user to do? Mood: What feeling do we want to display to the user? Attribute: What qualities does this interaction have? How would you say things? USER Emotion: What might they be feeling when they encounter this message? Receptiveness: How open to this message is the user likely to be? Your user Scenario SCENARIO UI Type: What is this UI element? Location: Where in their journey might this user be? Exit Point: What will the user be encountering next after this message?
  51. 91.

    MOTIVATIONAL Your goal To show user new features, get them

    excited about using a product — perhaps for the first time You mood Positive and passionate User’s emotion: Curious, possibly overwhelmed User’s receptiveness: Medium to high Typical UI type: Onboarding, new user experiences Tone Attribute: Encouraging TONE PROFILE
  52. 92.

    Your Goal: To tell you about something that might be

    useful for you in context. Your Mood: Polite, respectful User’s Emotion: Busy, distracted User’s Receptiveness: Low to medium Typical UI Type: Tooltips, modal dialogs Tone Attribute: Helpful USEFUL TONE PROFILE
  53. 93.

    Your Goal: To fade into the background and present relevant

    information if needed Your Mood: Neutral User’s Emotion: Any User’s Receptiveness: High Typical UI Type: Microcopy, labels, button CTAs Tone Attribute: Straightforward INFORMATIONAL TONE PROFILE
  54. 94.

    A/B TESTS! Light & Funny Caring & Serious With
 Headline

    We got you, boo
 So it looks like your password is not so fresh — how about you work on that? Your password is out of date We care about you and your account, so please take a moment to update your password. Without
 Headline So it looks like your password is not so fresh — how about you work on that? We care about you and your account, so please take a moment to update your password.
  55. 95.

    Light & Funny Caring & Serious With
 Headline We got

    you, boo
 So it looks like your password is not so fresh — how about you work on that? -2.18% CTR Your password is out of date We care about you and your account, so please take a moment to update your password. +5.45% CTR Without
 Headline So it looks like your password is not so fresh — how about you work on that? +.47% CTR We care about you and your account, so please take a moment to update your password. +1.2% CTR A/B TESTS!
  56. 97.

    IDEAS FOR SCENARIOS • A user just created their bank

    account • A payment was just accepted by its intended recipient • A credit card on the user's account is about to expire • There was suspicious activity on the user's account, so they need to reset their password before they can sign in • ABC is offering an account credit if the user invites friends to sign up for an account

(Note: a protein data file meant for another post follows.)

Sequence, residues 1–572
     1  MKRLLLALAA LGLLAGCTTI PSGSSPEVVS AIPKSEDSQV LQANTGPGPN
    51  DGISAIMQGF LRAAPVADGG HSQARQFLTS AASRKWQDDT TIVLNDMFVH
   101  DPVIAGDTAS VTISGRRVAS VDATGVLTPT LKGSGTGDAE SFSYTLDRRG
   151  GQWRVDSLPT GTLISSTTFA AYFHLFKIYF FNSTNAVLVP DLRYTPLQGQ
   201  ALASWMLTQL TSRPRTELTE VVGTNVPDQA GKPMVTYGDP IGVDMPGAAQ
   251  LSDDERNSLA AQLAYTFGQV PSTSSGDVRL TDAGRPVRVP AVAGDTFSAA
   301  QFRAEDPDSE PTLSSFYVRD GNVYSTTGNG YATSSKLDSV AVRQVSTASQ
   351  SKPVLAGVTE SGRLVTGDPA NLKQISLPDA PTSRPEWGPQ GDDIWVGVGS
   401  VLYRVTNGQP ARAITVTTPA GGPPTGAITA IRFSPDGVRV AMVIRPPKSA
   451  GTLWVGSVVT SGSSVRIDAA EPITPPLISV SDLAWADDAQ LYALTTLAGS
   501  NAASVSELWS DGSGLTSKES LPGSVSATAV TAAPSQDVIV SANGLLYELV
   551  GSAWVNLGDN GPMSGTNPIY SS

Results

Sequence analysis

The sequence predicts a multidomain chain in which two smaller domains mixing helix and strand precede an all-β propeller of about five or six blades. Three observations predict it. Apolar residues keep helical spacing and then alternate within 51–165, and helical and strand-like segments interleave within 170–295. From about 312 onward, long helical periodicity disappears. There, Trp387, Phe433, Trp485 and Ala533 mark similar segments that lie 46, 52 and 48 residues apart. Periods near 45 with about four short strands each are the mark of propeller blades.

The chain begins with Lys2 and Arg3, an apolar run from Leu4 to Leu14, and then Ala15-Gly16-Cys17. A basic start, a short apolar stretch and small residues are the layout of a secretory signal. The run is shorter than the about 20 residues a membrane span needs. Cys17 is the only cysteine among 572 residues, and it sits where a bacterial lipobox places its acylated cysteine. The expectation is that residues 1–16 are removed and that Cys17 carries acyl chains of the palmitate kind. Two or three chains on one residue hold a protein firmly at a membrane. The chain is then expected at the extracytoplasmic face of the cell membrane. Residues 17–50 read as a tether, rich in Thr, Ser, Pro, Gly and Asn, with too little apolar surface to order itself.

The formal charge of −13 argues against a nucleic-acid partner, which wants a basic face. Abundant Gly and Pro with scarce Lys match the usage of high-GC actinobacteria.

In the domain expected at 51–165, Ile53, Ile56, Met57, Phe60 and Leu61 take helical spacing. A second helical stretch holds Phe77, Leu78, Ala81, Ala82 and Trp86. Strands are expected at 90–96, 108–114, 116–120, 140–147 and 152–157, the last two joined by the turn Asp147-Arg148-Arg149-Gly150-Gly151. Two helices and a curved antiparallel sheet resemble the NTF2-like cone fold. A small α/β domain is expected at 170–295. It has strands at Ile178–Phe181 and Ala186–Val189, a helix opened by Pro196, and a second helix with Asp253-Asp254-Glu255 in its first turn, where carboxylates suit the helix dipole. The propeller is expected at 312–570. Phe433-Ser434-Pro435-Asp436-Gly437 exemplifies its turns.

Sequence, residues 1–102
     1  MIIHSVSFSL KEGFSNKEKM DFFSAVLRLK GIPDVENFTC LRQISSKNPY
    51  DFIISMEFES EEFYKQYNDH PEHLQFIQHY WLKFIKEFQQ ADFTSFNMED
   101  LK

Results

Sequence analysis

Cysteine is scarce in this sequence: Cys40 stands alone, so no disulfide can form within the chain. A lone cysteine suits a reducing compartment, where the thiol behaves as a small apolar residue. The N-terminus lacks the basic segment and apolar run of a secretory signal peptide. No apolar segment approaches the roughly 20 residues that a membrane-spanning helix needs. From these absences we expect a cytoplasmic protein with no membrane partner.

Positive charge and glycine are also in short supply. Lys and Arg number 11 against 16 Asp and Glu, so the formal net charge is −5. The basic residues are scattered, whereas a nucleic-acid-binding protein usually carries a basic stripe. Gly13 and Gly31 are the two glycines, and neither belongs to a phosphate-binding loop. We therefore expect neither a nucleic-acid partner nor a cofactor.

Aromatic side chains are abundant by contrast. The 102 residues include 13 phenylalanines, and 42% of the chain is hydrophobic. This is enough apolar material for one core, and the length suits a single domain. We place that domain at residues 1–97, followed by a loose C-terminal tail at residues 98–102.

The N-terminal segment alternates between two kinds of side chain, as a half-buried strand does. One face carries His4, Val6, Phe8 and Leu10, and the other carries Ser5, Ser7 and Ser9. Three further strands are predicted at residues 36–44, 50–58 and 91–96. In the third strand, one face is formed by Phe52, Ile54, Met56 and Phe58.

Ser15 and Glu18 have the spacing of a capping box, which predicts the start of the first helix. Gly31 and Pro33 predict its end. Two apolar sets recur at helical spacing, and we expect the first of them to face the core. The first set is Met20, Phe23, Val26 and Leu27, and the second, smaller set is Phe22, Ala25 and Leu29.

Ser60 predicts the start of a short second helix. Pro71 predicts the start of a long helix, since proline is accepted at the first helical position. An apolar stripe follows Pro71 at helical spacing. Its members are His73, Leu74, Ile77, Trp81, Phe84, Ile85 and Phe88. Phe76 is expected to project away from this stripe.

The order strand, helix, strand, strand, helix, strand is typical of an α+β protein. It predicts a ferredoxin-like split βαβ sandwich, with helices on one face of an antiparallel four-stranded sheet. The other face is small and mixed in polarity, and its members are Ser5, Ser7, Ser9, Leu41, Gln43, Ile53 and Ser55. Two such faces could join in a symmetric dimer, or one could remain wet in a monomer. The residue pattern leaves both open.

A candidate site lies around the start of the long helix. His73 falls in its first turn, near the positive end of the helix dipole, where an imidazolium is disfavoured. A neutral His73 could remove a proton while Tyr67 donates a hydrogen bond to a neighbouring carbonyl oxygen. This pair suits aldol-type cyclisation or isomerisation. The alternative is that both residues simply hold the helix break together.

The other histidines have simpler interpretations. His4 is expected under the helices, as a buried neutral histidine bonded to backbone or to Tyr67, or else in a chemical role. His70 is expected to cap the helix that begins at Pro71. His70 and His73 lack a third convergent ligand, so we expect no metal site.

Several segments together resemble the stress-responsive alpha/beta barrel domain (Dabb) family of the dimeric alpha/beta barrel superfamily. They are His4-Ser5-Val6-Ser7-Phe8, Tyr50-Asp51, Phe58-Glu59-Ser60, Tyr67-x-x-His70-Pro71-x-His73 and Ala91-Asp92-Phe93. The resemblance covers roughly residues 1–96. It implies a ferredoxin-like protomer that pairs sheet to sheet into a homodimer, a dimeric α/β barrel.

57. 99.

    TESTING METHOD • Underline the things that are helpful •

    Circle the things that aren't helpful Ask your participant to: • Ask follow-up questions You should:
  58. 102.
  59. 103.

    GUIDELINES FOR CRITIQUE • Let everyone participate. Every perspective is

    important. • Ask questions if you’re unsure why something is the way it is. • Speak from objectives. Avoid phrases like “I don’t like that”. • Dig into the details. Talk through the nuances of word choice, discuss alternate approaches and more. Critique the writing, not the writer.
  60. 107.

    WHAT NEEDS TO BE CONSISTENT? • Style. The basics like

    abbreviation and capitalization, as well as things unique to your org, like branded terms and product names. • Patterns. The components that are actually used to build the software. These can include writing, visual design, and code.
  61. 109.

    WHAT NEEDS TO BE EFFICIENT? • Design decisions. There's no

    reason eight competent professionals need to spend an hour every other month debating the merits of "Buy" vs "Purchase". • Workflow. Working from a place of shared understanding helps teams estimate accurately and mitigates miscommunication.
  62. 111.

    START WITH A STRATEGY A design system that's not driven

    by strategy just helps you do the wrong thing more efficiently and consistently.
  63. 112.

    A design system that doesn't treat language as a core

    element isn't really about design.
  64. 113.

    "A design system is a product. Documenting business processes for

    a product does not create a product. Documenting components for a design system does not create a design system. It's a tool for a specific set of users under specific circumstances." Amy Chick Strategist and Designer
  65. 114.

    STRATEGY DESIGN SYSTEMS Shopify includes naming guidelines in the Polaris

    design system. • Used as a governance tool • Enables the teams to have naming conversations based on more than personal opinion Source: https://polaris.shopify.com/content/naming
  66. 116.

    PATTERNS DESIGN SYSTEMS Instagram handles truncation consistently, and you can

    see why they handle it this way: • More consistent than "view both comments" • Better clarity than "view all comments"
  67. 117.

    PATTERNS DESIGN SYSTEMS Rationale and guidelines give design system users

    the confidence to adopt patterns. • Designed specifically for intent recognition • Quickly summarize the intent so the user can decide whether to stay
  68. 118.

    PATTERNS DESIGN SYSTEMS Including example wording when documenting a component

    helps teams understand its use. Audi's design system uses placeholder words, making it harder for its users to see how to use them. Source: https://www.audi.com/ci/en/guides/user-interface/components/buttons.html
  69. 119.

    PATTERNS DESIGN SYSTEMS Including example wording when documenting a component

    helps teams understand its use. Atlassian's design system uses real words from the interfaces, making it easier for its users to understand the guidelines.
  70. 121.